The UK jailhouse drama Ghosted was another mediocre entry – a well constructed drama about the intensely political maneuverings inside a scottish prison. Good enough, but nothing special.
One of the best films on the schedule had already received its fair share of praise – “Our Day Will Come” (starring Vincent Cassel) was just the kind of disorienting and disturbing mind scramble that one expects from a well programmed festival. Terrific performances and a singular vision from director Romain Gavras (well known for his music videos – like M.I.A.’s ‘Born Free’) resulted in a nihilistic joy ride full of bizarre and unexplainable situations.
One of the reasons I travel to the Golden City every year is to see my friend Matt Hulse. Matt is undeniably one of the more inventive and challenging artists in Edinburgh or anywhere for that matter. Matt’s films, like Polskie Buty CFF ’03 and Follow the Master CFF ’09, have screened at Cucalorus for nearly a decade now. At Cucalorus last year, Matt brought a grab bag of odd offerings, including the Audible Picture Show and the world premier of his short A Pilgrimage. Most importantly though, Matt has been busy finishing principal photography on his feature project Dummy Jim – which we hope will be ready for some kind of unveiling in the not too distant future (wink, wink – get to work Matty!). Matt’s dog Tippy (the star of Follow the Master) looks like a slightly larger version of the new Jengo’s pup Izzie. Matt and I are scheming and planning for a project based on his childhood band the Hippies with the vague hope to have bands cover Hippies songs for a new documentary to be partially made during Cucalorus. Again, might happen, but Who? Knows!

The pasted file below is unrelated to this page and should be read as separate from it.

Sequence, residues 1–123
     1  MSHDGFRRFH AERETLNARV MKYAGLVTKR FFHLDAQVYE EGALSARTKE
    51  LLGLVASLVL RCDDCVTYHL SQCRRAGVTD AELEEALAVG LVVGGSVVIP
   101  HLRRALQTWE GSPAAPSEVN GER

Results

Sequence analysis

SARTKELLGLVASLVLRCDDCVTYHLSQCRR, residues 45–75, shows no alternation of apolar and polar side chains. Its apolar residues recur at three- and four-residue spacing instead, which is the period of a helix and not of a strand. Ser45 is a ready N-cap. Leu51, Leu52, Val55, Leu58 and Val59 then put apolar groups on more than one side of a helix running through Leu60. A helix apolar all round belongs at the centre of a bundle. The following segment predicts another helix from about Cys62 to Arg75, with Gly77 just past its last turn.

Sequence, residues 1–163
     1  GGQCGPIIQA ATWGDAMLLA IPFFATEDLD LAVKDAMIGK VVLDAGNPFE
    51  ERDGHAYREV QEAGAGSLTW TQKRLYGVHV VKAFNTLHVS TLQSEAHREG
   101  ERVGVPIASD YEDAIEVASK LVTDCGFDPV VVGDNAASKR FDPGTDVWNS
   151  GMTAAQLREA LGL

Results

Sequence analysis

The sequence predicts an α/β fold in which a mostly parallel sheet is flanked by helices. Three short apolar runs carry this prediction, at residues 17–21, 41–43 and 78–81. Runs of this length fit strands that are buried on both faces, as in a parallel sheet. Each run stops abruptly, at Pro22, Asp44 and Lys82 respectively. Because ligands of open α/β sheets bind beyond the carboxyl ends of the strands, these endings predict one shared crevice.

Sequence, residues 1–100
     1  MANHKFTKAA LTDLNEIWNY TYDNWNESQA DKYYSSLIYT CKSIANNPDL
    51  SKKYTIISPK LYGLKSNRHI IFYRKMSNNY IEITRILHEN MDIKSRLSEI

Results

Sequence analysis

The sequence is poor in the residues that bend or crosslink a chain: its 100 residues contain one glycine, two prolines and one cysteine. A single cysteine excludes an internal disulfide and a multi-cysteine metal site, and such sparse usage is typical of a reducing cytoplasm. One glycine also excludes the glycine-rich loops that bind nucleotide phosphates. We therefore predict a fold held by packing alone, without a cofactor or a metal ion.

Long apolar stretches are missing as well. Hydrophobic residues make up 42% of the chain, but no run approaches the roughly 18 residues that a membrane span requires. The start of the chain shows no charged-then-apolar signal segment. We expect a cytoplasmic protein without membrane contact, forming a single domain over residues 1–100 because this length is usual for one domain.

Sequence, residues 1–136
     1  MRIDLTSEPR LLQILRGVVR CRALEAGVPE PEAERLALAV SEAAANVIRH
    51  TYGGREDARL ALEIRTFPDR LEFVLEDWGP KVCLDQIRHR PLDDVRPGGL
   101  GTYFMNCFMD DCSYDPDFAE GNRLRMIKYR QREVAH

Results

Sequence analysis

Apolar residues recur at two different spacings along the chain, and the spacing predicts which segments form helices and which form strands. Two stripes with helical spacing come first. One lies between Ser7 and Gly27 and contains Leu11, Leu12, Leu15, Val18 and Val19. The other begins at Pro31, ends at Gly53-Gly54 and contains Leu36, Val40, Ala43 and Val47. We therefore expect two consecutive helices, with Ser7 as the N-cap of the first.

Matt and I took a stroll through the meadows and even visited the historic Warrender Swim Centre for a quick swim one afternoon. I attempted to drag Matty to a couple of festival screenings – especially the hilarious Aussie doc “Shut Up Little Man! An Audio Misadventure.” One of many strong docs in the EIFF lineup, Matthew Bates documentary is a careful and at times subtly sophisticated recap of the cult phenomenon started by roommates Eddie Guerriero and Mitch Deprey when they started to record their relentlessly loud, arguing neighbors in San Francisco.
The majority of my trip was filled with short strolls down Lothian Road to catch screenings at the Cameo and the Filmhouse – with a few naps in the Meadows to keep my eyes well rested in between. I saw a host of strong narrative international features — Bill Nighy perfectly cast in the political drama Page Eight, Ewan McGregor looking good falling in love in David McKenzie’s Perfect Sense, Agnieszka Lukasiak’s (Forgotten CFF ’07) perilous refugee drama Between 2 Fires, and the Icelandic coming of age tale Jitters. A host of guest curators brought older films to the festival lineup – but without the coherent context of a retrospective or some thematic program – these selections just seemed to jam up the festival schedule and create less room for deserving contemporary artists.
Of course, the films are usually just an excuse to curl up at the Cameo with a tastie beverage and to visit my Edinburgh friends Loren Slater, Angie Jennings, David Drummond, Lucy Brown, Matt Hulse, and Tippy. Right now we’re busy making future festival travel plans at Jengo’s. We’re dialing in our google maps to downtown Toronto for a wee journey in early September.